The Demise of John Goodenough: Celebrated Co-Creator of the Lithium Battery, Passes Away at the Remarkable Age of 100

**John Goodenough, Inventor of the Lithium-Ion Battery, Dies at 100**

John Goodenough, the renowned scientist who shared the 2019 Nobel Prize in Chemistry for his groundbreaking work on the development of the lithium-ion battery, passed away at the age of 100. The University of Texas, where he worked for nearly four decades, announced his death on Monday.

Goodenough’s Legacy and Contributions to Technology

Goodenough, along with British-born American scientist M. Stanley Whittingham and Japan’s Akira Yoshino, received the Nobel Prize for their collective efforts in creating the lithium-ion battery. This innovation revolutionized technology by providing rechargeable power for a wide range of devices, including cellphones, computers, pacemakers, and electric cars.

The Revolutionary Impact of Lithium-Ion Batteries

Lithium-ion batteries, developed over a span of more than ten years, were the first truly portable and rechargeable batteries. Their introduction marked a significant milestone in technology. Today, portable phones, tablets, and many other devices rely on these batteries for their power needs.

The Unexpected Impact of the Nobel-Winning Research

When Goodenough, Whittingham, and Yoshino began their research, they did not anticipate the profound impact their work would have on the world. Goodenough expressed his gratitude for being able to continue working past the traditional retirement age, stating that age should not limit one’s ability to achieve great things.

The Breakthrough Contributions of the Laureates

Each of the Nobel laureates made unique breakthroughs that paved the way for the development of a commercial rechargeable battery. Whittingham’s work in the 1970s involved utilizing the tendency of lithium to release its electrons, resulting in a battery capable of generating just over two volts.

Building upon Whittingham’s findings, Goodenough doubled the battery’s capacity to four volts in 1980 by introducing cobalt oxide as one of the cathode materials. However, this battery was still too volatile for widespread commercial use.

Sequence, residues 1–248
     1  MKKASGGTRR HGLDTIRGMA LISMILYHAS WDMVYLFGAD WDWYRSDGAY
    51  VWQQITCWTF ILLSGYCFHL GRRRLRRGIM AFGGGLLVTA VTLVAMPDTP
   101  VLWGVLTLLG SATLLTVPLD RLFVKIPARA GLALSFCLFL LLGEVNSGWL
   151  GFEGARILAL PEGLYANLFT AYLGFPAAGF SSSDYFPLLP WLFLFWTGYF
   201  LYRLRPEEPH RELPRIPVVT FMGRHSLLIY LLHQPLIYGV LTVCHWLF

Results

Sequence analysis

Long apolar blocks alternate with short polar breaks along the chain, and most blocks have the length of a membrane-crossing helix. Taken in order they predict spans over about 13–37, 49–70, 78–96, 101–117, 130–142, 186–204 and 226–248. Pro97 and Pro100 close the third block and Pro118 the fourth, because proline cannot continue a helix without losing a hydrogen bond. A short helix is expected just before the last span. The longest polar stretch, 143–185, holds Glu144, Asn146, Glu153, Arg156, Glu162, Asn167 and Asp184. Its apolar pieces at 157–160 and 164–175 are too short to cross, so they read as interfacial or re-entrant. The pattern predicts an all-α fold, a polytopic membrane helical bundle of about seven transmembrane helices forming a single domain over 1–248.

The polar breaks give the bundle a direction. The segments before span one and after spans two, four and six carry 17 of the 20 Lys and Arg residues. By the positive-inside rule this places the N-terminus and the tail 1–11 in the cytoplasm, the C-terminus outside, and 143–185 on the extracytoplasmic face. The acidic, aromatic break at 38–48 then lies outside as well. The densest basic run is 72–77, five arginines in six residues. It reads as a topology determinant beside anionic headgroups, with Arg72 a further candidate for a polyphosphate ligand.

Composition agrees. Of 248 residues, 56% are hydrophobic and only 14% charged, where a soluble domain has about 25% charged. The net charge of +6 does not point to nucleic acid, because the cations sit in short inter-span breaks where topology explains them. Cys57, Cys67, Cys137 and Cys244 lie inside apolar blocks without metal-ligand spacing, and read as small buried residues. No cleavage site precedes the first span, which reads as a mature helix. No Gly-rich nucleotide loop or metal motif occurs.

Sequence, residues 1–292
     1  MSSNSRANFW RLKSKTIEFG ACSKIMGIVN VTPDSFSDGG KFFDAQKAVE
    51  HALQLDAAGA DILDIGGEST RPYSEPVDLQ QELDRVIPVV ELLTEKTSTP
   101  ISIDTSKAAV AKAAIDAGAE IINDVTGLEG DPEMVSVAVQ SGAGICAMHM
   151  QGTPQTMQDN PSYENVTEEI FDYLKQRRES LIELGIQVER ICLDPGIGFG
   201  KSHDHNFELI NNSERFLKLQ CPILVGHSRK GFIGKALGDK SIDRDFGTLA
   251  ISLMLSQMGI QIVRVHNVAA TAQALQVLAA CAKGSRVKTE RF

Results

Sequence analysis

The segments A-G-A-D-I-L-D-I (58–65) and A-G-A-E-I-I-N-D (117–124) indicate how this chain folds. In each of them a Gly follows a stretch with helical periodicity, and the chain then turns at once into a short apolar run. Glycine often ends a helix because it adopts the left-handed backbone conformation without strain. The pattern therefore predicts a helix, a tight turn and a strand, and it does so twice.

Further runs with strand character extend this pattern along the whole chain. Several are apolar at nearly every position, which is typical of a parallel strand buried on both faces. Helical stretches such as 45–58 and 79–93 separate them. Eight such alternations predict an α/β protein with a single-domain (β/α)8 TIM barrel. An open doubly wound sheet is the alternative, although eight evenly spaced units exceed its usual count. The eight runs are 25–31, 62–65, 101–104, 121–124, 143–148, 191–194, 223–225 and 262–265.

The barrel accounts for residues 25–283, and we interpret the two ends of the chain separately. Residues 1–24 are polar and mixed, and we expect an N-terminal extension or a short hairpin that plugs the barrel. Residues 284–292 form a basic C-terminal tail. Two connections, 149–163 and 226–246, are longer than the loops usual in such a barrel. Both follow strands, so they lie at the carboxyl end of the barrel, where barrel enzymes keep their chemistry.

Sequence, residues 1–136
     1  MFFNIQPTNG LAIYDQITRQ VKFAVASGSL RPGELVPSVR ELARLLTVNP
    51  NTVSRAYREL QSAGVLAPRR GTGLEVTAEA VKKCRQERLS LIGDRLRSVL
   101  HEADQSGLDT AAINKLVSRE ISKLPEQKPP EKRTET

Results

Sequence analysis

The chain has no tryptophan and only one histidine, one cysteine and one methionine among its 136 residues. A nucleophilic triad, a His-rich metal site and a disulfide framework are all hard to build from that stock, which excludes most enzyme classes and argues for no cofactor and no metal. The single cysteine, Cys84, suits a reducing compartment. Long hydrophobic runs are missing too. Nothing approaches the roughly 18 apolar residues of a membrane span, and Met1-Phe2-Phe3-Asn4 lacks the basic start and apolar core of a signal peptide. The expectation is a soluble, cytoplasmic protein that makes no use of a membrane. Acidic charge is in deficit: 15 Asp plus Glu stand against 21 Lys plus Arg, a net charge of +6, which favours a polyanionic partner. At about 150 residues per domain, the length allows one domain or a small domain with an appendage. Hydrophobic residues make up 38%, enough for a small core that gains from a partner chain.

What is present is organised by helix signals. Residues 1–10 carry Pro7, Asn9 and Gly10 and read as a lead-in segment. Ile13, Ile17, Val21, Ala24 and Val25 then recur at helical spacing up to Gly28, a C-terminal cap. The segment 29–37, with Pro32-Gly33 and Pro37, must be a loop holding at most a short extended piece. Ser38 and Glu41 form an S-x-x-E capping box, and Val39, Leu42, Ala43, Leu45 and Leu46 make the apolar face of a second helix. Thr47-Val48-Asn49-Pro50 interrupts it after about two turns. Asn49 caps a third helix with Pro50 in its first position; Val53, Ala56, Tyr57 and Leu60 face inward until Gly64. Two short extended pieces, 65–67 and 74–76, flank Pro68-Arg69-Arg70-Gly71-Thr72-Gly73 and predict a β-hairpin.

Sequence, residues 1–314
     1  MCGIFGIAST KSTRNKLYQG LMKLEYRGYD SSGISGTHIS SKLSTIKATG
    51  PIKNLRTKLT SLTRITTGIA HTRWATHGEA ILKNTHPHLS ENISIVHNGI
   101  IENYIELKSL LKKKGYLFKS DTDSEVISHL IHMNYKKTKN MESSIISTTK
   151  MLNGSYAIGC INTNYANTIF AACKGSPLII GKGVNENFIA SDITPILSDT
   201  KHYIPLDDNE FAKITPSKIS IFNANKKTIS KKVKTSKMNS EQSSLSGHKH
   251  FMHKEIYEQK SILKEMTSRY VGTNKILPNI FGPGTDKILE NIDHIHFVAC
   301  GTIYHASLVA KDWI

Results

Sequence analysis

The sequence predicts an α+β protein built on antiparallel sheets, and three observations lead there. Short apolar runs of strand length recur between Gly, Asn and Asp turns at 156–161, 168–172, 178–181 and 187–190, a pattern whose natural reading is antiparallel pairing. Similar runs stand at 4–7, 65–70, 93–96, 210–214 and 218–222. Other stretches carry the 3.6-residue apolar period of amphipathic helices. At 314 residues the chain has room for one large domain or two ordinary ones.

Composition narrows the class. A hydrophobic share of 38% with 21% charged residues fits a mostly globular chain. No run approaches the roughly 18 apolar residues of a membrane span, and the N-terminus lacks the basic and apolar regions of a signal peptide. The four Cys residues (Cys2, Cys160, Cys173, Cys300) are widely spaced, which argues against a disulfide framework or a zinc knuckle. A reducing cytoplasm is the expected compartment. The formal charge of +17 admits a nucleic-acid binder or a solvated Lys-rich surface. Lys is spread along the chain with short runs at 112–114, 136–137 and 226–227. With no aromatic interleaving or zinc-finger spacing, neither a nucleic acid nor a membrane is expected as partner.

Yoshino’s Breakthrough in Battery Safety

In the 1980s, Yoshino’s research addressed the volatility issue by replacing pure lithium with safer lithium ions. This breakthrough made it possible to create lightweight, safe, durable, and rechargeable batteries suitable for commercial use. In 1991, these batteries entered the market, marking the beginning of a new era in portable electronic devices.

Goodenough’s Background and Achievements

Goodenough, born in Jena, Germany in 1922, moved to the United States, where he later obtained a Ph.D. in chemistry from the University of Chicago. He began his career at the Massachusetts Institute of Technology, where he laid the foundation for the development of random-access memory for digital computers.

His lithium-ion discovery, for which he ultimately received the Nobel Prize, took place when he was heading the Inorganic Chemistry Laboratory at the University of Oxford in England. In 1986, Goodenough joined the faculty at the University of Texas, where he continued to teach and conduct research on battery materials and solid-state science and engineering.

A Long and Successful Partnership

Goodenough and his wife Irene were married for 70 years until her passing in 2016. Their partnership undoubtedly provided support and encouragement throughout Goodenough’s illustrious career.

In Conclusion

John Goodenough’s contributions to the field of battery technology have left an indelible mark on the world. His work on the lithium-ion battery has transformed the way we live, powering our everyday devices and driving the electric vehicle revolution. As we mourn his passing, we can also celebrate his life and the lasting impact he has had on technology and society.

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